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THE CAUSE AND CONSEQUENCE OF A UNION BLACK SOLDIER'S MUTINY AND EXECUTION Howard C. Westwood OF THE NINETEEN Union soldiers executed by the Union army for mutiny committed during the Civil War, fourteen were blacks.1 Since the war was half over before the army began extensive enlistment of blacks, those figures understate the blacks' relative involvement in the most serious military crime. It seems strange that so disproportionate a number mutinously defied the authority that had become engaged in ending slavery. The first black to be executed for mutiny was William Walker, a sergeant of Company A of the Third South Carolina Colored Infantry. He was charged with leading his company in a strike which protested that the rate of pay to black troops was less than the pay to whites. Rarely have historians done more than note the event.2 More is merited. However risky it may be to generalize from an instance, the Walker story aids in tracing our society's stumbling advance from slavery toward freedom. Walker, twenty-three years old when he was enlisted in the spring of 1863, was one of the host of slaves who had come under Union dominion in November 1861 in the Port Royal, South Carolina, area.3 Early I am most indebted to Dr. Elaine Everly, of the National Archives, for perceptive guidance. 1 List of U.S. Soldiers Executed by United States Military Authorities during the Late War (Adj. Gen. Office, 1885). Blacks are listed on pp. 8-11. 2 Of historians' references, The Black Military Experience, 1861-1867 (New York: Cambridge Univ. Press, 1982), edited by Ira Berlin, is almost alone in doing more than noting the event. After a summary account on pp. 365-66 it provides some documentation on pp. 388-95. 3 Walker's age appears in the list of initial enlistments, Apr. 24, 1863, of Co. A, 3d South Carolina Colored Volunteers, (hereafter cited as List, Co. A, 3d S.C.) in U.S. Colored Troops, 21st Infantry, Regimental Descriptive, Letter and Endorsement Book, Office of the Adj. Gen., RG 94, Nat. Arch, (hereafter cited as 21st USCT, Reg. Des.). In Civil War Historv, Vol. XXXI, No. 3, ©1985 by The Kent State University Press MUTINY AND EXECUTION223 in that month a navy/army expedition had occupied Port Royal, roughly midway between Charleston and Savannah. Nearly all the white populace for many miles around fled; most of their thousands of slaves remained. During following months the Union achieved control of the entire coast between the vicinities of Charleston and Savannah, with lodgments also below Savannah and in northeastern Florida. Port Royal itself became a busy naval base for a blockading squadron. And, with managers and teachers brought from the North, the Treasury Department organized and launched a program to establish for the blacks a selfsustaining life of freedom on the rich coastal plantations. The program became known to history as the Port Royal Experiment. In June 1862 Secretary of War Edwin M. Stanton sent Rufus Saxton, newly promoted from captain to brigadier general, as military governor, to lead Port Royal's orderly development and government.4 Employment by the army, the navy, and the Port Royal Experiment had opened great opportunities for South Carolina blacks. Walker, though illiterate, possessed unusual ability and found employment as a civilian gunboat pilot with the navy.5 By the spring of 1863 he and his fellow South Carolinians had left far behind their old world of slavery. A revolutionary opportunity in their new world was the enlistment of blacks into the armed ranks of the United States Army. Just after General Saxton's arrival in late June 1862 a military crisis in Virginia caused the recall of a large fraction of the Port Royal army. That, in turn, led the secretary of war, in a letter of August 25 to General Saxton , to authorize Saxton to recruit blacks as soldiers, under white officers, specifying that they were to "receive the same pay and rations as are allowed by law to volunteers in the service." This was the first time since the War of 1812 that the United States government had allowed any but white men in...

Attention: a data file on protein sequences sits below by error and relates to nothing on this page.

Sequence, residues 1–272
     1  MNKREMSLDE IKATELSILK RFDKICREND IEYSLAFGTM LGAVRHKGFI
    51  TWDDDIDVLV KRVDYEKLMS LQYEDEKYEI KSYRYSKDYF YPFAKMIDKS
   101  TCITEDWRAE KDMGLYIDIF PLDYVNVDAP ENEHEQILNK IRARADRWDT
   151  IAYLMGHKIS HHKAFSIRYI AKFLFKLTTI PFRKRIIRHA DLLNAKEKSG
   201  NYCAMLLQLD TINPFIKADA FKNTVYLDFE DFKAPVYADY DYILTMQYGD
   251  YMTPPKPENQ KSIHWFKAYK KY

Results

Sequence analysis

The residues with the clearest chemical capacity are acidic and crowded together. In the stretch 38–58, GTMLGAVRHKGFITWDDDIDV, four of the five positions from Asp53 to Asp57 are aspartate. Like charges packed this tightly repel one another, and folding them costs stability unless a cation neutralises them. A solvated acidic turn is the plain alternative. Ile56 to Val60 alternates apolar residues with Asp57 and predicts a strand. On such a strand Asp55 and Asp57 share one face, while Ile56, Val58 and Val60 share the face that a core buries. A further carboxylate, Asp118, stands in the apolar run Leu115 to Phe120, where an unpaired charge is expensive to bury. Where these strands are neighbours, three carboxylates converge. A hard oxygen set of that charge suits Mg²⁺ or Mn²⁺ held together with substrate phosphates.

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Additional Information

ISSN
1533-6271
Print ISSN
0009-8078
Pages
pp. 222-236
Launched on MUSE
2012-01-04
Open Access
No
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